Java has stopped supporting the JDBC-ODBC Bridge with the release of JDK 8, so here is my (somewhat quick and dirty) way of working with MS Access.
There are various alternatives you can try out such as UCanAccess, PyPyODBC, or Easysoft’s API. I’ve messed around with a few of these and I feel that they aren’t quite as powerful as the bridge offered in previous versions of Java, and I don’t have the time right now to improve my C skills enough for the particular project I’m working on.
My solution, which seems to work fine so far, is to install Java 7 alongside Java 8, and use the built in JDBC-ODBC bridge. If portability is a concern for you then maybe this isn’t your best option, but for my purposes I’m fine with wrapping the code up in an executable.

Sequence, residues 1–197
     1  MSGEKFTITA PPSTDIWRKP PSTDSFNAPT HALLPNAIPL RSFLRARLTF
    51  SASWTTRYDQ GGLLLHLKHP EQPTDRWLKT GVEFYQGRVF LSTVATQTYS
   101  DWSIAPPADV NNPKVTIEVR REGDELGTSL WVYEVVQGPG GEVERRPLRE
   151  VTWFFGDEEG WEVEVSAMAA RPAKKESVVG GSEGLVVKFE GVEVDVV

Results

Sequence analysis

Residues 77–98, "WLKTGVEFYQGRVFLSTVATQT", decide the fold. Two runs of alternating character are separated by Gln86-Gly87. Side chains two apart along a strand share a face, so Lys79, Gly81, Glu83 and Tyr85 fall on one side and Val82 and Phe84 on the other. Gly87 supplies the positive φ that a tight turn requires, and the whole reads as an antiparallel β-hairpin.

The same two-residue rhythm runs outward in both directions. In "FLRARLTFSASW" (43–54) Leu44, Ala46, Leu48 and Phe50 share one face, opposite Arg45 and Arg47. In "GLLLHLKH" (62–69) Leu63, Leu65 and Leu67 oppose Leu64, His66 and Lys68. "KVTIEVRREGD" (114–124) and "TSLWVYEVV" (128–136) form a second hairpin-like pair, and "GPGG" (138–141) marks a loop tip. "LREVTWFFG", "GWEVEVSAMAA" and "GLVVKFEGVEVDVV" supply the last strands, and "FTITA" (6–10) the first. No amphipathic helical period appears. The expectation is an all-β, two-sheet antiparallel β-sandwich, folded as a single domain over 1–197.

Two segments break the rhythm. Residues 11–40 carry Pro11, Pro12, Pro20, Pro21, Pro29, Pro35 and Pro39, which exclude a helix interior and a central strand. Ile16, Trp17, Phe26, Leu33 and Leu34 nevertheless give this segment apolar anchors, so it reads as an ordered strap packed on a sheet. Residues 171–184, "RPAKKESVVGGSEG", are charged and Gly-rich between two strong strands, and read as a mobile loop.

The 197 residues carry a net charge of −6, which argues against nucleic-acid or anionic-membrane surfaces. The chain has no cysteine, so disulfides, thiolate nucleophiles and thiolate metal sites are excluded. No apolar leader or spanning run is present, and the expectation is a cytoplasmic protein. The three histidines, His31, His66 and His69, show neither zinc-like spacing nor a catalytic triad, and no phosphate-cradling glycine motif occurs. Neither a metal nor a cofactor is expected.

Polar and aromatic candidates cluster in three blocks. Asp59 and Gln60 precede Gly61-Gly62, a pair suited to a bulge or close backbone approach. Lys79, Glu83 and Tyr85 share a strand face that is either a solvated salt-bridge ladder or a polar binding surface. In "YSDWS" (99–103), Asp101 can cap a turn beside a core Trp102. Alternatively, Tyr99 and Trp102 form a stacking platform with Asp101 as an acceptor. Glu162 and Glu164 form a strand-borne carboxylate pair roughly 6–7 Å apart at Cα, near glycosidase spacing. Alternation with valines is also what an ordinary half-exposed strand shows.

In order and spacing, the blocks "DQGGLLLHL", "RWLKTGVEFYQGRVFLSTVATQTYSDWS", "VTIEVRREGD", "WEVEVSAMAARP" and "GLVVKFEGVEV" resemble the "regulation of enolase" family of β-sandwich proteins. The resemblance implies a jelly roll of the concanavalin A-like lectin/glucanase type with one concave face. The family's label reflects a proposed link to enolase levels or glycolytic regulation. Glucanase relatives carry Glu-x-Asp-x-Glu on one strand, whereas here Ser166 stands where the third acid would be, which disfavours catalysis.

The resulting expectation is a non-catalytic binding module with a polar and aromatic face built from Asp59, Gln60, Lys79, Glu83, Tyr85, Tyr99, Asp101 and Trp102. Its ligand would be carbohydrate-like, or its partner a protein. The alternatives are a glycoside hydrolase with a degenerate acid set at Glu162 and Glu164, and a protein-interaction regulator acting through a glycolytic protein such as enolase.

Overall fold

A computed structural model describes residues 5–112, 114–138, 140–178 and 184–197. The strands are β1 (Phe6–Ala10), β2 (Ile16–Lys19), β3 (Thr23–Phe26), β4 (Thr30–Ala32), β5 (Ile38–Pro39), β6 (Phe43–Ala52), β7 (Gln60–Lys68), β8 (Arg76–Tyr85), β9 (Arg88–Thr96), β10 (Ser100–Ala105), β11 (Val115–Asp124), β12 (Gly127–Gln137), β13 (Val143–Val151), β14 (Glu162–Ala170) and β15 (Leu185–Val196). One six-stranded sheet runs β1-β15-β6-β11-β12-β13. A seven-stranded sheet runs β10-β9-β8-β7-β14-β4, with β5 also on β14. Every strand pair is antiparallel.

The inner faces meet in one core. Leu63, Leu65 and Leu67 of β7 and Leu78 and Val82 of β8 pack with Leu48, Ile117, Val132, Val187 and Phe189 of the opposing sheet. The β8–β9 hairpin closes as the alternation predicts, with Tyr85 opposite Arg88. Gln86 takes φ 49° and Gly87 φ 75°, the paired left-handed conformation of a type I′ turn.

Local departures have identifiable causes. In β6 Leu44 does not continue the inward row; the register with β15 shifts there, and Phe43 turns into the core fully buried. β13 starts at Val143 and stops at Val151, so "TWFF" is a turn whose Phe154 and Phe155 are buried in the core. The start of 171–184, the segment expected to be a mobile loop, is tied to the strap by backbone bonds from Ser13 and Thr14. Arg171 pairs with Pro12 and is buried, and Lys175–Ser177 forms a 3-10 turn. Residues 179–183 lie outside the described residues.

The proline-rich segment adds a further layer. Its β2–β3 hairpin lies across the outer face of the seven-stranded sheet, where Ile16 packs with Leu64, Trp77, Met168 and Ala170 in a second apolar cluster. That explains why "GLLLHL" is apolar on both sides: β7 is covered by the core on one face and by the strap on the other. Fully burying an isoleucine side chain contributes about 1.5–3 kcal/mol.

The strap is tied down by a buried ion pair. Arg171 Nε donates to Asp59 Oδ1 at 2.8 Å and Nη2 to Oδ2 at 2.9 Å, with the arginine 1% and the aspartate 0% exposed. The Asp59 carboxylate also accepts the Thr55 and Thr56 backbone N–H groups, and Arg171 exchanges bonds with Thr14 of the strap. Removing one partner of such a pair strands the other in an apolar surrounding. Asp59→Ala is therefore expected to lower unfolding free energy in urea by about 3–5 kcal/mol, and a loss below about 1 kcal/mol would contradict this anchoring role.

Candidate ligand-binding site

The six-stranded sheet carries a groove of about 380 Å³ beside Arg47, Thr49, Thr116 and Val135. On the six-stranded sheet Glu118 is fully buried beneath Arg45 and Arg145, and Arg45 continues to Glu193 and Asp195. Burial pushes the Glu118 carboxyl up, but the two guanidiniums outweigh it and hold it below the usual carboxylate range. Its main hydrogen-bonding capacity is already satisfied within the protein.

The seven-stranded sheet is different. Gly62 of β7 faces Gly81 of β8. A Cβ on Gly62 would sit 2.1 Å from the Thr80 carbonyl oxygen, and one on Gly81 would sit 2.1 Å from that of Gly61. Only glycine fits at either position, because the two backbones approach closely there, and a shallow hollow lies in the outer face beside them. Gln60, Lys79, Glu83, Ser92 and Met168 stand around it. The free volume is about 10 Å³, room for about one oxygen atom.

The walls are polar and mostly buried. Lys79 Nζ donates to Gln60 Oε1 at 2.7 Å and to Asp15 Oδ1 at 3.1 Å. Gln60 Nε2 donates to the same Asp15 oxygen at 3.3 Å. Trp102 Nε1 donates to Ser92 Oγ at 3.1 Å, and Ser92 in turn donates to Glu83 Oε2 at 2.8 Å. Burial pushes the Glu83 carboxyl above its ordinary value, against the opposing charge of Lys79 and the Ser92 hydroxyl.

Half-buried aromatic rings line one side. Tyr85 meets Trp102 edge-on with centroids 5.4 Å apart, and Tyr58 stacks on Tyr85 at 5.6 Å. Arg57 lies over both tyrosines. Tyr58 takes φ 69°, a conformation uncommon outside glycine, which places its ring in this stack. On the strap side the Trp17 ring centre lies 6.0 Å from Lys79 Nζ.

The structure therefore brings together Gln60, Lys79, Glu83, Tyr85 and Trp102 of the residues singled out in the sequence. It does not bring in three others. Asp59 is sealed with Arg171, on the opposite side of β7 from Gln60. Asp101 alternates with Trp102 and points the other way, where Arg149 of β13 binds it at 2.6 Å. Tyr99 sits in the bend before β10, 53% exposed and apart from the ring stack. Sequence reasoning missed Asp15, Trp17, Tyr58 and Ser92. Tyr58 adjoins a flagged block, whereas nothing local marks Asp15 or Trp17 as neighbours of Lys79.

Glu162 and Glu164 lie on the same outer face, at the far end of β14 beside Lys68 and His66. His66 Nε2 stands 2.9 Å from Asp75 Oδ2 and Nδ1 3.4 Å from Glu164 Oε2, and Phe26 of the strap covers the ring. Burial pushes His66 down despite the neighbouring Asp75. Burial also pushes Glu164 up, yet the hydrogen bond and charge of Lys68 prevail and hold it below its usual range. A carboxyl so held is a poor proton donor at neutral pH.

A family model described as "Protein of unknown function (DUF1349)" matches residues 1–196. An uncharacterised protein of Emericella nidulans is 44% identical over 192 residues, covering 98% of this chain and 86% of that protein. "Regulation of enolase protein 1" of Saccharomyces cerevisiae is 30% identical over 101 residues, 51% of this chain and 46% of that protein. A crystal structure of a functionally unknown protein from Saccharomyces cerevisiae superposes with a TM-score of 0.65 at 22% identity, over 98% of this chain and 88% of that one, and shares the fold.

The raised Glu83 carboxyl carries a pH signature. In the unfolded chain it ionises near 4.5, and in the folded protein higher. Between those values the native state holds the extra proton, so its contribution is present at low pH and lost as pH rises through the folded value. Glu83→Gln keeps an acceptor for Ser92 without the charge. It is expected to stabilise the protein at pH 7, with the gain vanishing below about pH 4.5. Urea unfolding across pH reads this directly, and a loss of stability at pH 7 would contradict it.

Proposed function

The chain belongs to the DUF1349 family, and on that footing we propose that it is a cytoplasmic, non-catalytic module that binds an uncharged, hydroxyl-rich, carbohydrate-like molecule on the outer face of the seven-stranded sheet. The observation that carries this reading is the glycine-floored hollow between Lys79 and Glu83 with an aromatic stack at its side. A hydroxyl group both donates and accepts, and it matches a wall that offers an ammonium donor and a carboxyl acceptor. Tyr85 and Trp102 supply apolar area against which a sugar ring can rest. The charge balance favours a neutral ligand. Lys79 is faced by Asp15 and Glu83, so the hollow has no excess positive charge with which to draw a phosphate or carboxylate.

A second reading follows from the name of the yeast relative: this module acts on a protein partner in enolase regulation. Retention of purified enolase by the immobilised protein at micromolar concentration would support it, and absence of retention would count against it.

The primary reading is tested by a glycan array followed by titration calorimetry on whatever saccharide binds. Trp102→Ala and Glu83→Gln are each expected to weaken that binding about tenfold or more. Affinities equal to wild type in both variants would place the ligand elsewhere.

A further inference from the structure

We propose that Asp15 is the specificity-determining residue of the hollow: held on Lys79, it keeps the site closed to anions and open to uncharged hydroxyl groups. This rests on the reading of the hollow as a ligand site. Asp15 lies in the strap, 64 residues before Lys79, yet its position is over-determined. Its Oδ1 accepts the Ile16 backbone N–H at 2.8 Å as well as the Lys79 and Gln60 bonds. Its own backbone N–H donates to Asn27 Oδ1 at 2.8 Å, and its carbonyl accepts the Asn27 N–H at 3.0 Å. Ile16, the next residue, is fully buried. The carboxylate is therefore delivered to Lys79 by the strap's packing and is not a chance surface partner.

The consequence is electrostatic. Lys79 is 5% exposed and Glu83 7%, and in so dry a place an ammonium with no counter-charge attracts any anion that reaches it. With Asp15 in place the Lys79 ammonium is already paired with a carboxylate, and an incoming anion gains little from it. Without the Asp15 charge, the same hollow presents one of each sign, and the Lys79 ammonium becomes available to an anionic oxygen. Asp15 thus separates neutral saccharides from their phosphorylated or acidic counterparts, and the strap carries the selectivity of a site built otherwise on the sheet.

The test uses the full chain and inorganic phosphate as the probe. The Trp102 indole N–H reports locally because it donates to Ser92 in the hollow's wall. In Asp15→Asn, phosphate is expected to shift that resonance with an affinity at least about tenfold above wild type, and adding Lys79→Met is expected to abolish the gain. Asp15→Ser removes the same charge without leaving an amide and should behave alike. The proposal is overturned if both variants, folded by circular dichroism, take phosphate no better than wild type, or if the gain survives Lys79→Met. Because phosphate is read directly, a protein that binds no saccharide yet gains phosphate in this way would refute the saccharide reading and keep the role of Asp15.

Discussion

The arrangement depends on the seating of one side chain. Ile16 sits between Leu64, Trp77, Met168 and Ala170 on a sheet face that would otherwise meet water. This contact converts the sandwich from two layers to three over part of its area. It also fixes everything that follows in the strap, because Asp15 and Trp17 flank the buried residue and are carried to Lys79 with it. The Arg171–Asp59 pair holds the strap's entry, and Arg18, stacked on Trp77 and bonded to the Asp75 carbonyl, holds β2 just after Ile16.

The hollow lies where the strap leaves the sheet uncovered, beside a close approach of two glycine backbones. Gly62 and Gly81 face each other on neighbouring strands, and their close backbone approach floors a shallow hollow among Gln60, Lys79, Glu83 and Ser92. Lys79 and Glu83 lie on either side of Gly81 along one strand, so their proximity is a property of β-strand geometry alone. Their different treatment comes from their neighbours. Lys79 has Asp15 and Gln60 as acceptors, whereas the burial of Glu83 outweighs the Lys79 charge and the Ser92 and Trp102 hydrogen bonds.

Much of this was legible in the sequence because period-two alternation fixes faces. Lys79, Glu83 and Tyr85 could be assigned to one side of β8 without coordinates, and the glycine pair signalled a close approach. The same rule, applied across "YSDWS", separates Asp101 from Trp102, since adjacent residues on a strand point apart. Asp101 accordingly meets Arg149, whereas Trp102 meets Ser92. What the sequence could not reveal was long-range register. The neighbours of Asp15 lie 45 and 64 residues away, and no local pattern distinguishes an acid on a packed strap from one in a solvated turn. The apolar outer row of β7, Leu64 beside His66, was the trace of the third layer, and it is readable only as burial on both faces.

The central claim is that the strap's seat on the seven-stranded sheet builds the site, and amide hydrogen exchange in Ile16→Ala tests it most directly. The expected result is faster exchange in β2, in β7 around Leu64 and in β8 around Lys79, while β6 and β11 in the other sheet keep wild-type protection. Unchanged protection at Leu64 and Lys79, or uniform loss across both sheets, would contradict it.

If this is all you need to get set up, then great! I’m happy for you, I really am.
I had trouble connecting to the ODBC driver, though, because I’m using 32-bit MS Office on a 64-bit system. If this is a problem for you, too, then installing the Microsoft ACE OLEDB Provider as outlined here will help. Make sure you launch the installer from a command line with the “/passive” argument. Be wary that this might make Office behave strangely. I haven’t noticed anything too bad so far, except that it now takes a minute or two to launch Office.
Hope this helps. This is a bit of a quick fix to meet a time constraint, so there are probably better ways to do this. If you have suggestions please share them below!